What is Letitia Gallery?

Founded by Mohamad Al Hamoud and Annie Vartivarian, Letitia Gallery is a new contemporary art gallery located in Beirut. The gallery opened in February 2018 in a 100m2 space, with an inaugural exhibition by British artist Eileen Cooper OBE RA, followed by exhibitions with Ahmed Badry, Alejandro Ospina and Nathaniel Rackowe.


Where is Letitia Gallery?

The gallery is located in central Beirut in the vibrant Hamra neighbourhood, one of the city’s major commercial districts. In the area, are several other prominent galleries including Agial Art Gallery, Artspace Hamra and Saleh Barakat Gallery which sit alongside the cultural and learning centres of the Masrah Al Madina Theatre, American University of Beirut and the Lebanese American University.

There are also a number of other well respected galleries in the wider city of Beirut, including Sfeir-Semler Gallery, Galerie Tanit and Marfa’.


Why did you decide to open the gallery in Beirut and why now?

Lebanon is considered a hub of discovery for MENA’s regional artistic talent. Beirut-based institutions, such as Beirut Art Centre, Ashkal Alwan and The Arab Fund for Arts & Culture (AFAC), provide residencies and support other grass root projects which nurture local talent.

In recent years Beirut has shown itself to have a voracious appetite for the growth of its cultural landscape. The launch of Beirut Art Fair in 2010, with its current inclusion of over 50 international galleries, illustrates the important cultural role that galleries provide in supporting artists and their work in opening them up to new audiences.

Beyond the growth of the gallery scene in Beirut, the reopening of the historic Sursock Museum as well as the inauguration of Aïshti Foundation, a cutting-edge modern art foundation, and the restoration of Beit Beirut, work to highlight the rich cultural heritage of the region and the importance of culture as an instigator of discourse and learning.

What’s the aim of the gallery?

The gallery aims to present international and local artists at different stages of their careers in new and interesting ways. It aims to facilitate discourse around culture in the MENA region, contextualise artists work in the global art environment and encourage broader engagement with contemporary art in Lebanon.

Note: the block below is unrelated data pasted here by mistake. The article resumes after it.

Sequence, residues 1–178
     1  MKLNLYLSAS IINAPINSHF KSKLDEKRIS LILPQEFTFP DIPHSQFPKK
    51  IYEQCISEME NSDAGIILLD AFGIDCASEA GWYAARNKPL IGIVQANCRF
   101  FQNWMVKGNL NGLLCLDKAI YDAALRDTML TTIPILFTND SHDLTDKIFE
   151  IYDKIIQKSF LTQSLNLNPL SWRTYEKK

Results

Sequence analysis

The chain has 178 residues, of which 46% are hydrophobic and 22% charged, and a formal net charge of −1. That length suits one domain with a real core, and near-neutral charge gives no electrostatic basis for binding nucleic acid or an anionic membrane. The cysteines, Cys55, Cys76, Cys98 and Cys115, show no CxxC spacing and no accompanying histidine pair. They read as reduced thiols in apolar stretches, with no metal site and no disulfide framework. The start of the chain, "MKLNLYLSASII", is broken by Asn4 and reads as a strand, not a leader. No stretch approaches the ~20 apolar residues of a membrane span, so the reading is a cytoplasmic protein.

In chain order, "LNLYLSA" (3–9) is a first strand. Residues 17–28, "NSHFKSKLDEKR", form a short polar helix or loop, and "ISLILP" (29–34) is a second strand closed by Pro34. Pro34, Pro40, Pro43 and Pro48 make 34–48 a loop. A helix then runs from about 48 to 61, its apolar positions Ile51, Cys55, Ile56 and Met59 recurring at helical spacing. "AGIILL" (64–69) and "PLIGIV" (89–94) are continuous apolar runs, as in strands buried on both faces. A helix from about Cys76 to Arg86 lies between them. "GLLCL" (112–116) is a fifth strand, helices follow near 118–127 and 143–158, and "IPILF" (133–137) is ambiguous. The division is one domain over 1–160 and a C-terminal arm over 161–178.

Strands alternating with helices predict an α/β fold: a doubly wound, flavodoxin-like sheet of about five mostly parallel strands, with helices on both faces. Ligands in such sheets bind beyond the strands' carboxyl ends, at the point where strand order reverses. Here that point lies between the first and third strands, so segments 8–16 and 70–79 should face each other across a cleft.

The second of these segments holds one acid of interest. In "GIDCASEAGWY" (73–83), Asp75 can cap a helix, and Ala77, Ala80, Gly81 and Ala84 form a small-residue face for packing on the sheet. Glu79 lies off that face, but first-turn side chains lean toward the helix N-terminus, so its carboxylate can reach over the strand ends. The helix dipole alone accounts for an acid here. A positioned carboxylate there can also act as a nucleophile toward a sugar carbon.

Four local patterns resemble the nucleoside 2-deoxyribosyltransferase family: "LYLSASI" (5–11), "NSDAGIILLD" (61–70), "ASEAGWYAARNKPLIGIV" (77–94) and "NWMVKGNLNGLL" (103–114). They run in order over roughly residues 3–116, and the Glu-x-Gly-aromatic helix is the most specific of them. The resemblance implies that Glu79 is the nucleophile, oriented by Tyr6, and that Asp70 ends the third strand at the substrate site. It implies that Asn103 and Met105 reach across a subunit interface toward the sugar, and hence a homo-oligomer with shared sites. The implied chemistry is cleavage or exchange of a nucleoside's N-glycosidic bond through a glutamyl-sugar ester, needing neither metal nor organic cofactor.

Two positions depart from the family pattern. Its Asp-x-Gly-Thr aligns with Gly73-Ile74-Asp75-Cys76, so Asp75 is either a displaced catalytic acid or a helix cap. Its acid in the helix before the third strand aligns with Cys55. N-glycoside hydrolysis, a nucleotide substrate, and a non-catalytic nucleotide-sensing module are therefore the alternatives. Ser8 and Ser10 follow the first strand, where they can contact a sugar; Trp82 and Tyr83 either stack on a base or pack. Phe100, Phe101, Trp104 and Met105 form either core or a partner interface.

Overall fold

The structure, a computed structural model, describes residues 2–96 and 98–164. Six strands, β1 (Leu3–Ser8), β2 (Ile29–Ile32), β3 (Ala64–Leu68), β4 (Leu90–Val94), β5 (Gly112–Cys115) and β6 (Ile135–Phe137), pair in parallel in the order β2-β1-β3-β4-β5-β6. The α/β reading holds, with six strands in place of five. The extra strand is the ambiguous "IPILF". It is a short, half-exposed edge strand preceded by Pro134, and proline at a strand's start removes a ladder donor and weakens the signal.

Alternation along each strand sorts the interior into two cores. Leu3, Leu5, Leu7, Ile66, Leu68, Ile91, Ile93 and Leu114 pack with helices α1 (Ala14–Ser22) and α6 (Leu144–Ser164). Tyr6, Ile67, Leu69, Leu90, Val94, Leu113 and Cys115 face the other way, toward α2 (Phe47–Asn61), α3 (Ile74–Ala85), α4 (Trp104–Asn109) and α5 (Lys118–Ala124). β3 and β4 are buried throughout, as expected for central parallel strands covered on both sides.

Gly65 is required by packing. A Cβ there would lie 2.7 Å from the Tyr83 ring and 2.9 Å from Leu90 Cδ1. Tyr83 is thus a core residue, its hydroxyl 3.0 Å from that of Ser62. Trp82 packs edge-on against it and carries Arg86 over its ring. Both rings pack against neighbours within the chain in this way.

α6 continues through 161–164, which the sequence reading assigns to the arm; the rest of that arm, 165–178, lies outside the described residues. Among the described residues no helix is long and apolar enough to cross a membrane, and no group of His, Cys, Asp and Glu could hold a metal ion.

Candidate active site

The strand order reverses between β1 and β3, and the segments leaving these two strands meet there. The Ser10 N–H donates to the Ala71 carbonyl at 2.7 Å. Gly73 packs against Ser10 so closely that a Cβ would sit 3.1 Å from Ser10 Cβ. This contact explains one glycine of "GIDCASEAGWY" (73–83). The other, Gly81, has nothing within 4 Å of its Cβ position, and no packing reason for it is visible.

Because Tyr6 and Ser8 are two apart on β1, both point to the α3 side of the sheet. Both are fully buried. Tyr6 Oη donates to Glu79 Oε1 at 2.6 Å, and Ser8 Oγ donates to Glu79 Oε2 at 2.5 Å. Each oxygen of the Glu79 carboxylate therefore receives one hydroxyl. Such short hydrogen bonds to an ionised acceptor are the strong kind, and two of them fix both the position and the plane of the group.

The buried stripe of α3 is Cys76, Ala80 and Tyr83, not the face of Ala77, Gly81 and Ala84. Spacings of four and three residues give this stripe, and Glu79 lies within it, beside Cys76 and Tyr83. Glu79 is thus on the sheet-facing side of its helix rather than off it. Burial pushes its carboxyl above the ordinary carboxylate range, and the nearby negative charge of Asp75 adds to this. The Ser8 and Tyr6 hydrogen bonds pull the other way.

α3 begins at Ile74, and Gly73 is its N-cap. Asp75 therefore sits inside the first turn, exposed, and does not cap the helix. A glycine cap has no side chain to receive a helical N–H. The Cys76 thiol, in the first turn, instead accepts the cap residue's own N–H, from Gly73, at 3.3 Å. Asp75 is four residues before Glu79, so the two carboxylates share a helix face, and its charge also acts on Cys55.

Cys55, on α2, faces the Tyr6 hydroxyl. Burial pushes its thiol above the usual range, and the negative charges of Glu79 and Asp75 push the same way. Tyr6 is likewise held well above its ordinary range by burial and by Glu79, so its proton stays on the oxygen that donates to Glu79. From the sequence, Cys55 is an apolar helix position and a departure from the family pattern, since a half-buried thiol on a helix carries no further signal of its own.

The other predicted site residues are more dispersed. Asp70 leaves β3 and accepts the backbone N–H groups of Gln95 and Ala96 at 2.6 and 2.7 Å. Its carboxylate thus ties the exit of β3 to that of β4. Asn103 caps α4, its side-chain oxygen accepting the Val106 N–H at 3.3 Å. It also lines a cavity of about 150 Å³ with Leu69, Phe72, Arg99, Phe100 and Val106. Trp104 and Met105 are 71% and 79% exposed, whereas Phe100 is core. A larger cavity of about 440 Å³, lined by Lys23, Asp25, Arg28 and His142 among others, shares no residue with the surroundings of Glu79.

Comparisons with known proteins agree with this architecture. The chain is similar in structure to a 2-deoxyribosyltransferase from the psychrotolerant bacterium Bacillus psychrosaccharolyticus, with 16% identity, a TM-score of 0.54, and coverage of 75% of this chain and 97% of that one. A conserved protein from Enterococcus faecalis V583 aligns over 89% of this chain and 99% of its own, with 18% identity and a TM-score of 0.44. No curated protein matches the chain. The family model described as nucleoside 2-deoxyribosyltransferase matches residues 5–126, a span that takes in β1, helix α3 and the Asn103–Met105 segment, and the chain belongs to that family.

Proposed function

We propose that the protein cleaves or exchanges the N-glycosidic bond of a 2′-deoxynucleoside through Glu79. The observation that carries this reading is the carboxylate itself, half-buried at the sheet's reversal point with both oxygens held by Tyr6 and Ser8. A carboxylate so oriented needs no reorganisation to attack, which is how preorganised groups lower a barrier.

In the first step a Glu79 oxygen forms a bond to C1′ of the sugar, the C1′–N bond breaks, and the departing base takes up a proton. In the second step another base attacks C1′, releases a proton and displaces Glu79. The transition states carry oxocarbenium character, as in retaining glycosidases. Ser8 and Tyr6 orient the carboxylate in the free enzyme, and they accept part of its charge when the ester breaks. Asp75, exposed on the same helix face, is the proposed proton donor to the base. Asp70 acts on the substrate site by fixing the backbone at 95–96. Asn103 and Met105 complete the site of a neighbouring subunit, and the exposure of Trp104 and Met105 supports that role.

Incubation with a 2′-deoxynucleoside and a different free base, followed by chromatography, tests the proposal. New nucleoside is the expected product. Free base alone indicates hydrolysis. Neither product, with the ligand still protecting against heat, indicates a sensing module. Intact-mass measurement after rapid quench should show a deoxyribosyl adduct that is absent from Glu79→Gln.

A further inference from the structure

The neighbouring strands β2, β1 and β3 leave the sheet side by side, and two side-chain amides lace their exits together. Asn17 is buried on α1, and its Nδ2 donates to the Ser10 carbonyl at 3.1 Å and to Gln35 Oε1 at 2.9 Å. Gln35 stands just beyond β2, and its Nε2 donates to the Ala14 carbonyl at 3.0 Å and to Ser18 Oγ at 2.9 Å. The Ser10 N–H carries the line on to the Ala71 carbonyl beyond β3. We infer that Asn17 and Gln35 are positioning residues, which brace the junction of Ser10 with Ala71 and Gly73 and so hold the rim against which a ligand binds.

What are your points of focus for this new space?

The gallery will work on a project-focused model initially showcasing international artists in Lebanon by programming four to five exhibitions a year. The gallery’s mission for the future is to nurture the growth of regional artists from Lebanon, Syria and the Arab world.




What’s interesting about the cultural scene in Lebanon?

Contemporary Lebanon is thriving with energy and enthusiasm amidst a rich heritage. There are many different nationalities, religious groups and cultures living side by side in the trilingual environment of Lebanon, which makes for a fascinating cultural discourse


How did you go about selecting, curating and putting together the artists for your programme?

The gallery has a strong ethos of collaboration and has worked in conversation with leading international curators from around the world to discover artists for its programme. In some cases the gallery has been fortunate enough to have developed personal friendships with the artists shown. As a patron of the Royal Academy, Tate and Delfina Foundation as well as a student of Sotheby’s New York and London, co-Founder Annie Vartivarian has come into contact and built relationships with a diverse range of contemporary artists. Annie has made it a point to visit the artist’s studios and have a dialogue with each of them about their work, however artists have always primarily been selected for the calibre of their artistic practice and their ability to translate their work to audiences internationally.


What will differentiate Letitia Gallery from all the other commercial galleries in the region?

The gallery’s main aim is to provide a platform for discourse around contemporary art within the MENA region. This is achieved through the thoughtful curation of a roster of exhibitions by international artists, many of whom are predominately new to audiences in the Middle East and showing for the first time in the region.

What are the aims and goals of Letitia Gallery looking to the future?

We will look to expand the gallery’s presence beyond the gallery walls, reaching new audiences through our participation in regional and international art fairs as well as commissioning installations and site-specific work in public spaces across Lebanon.

As the gallery grows, we will look to nurture our existing relationships with the artists with whom we collaborate in order to represent them and advance their careers both within the Middle East and internationally offering them access to an important network of local and international museums and collectors.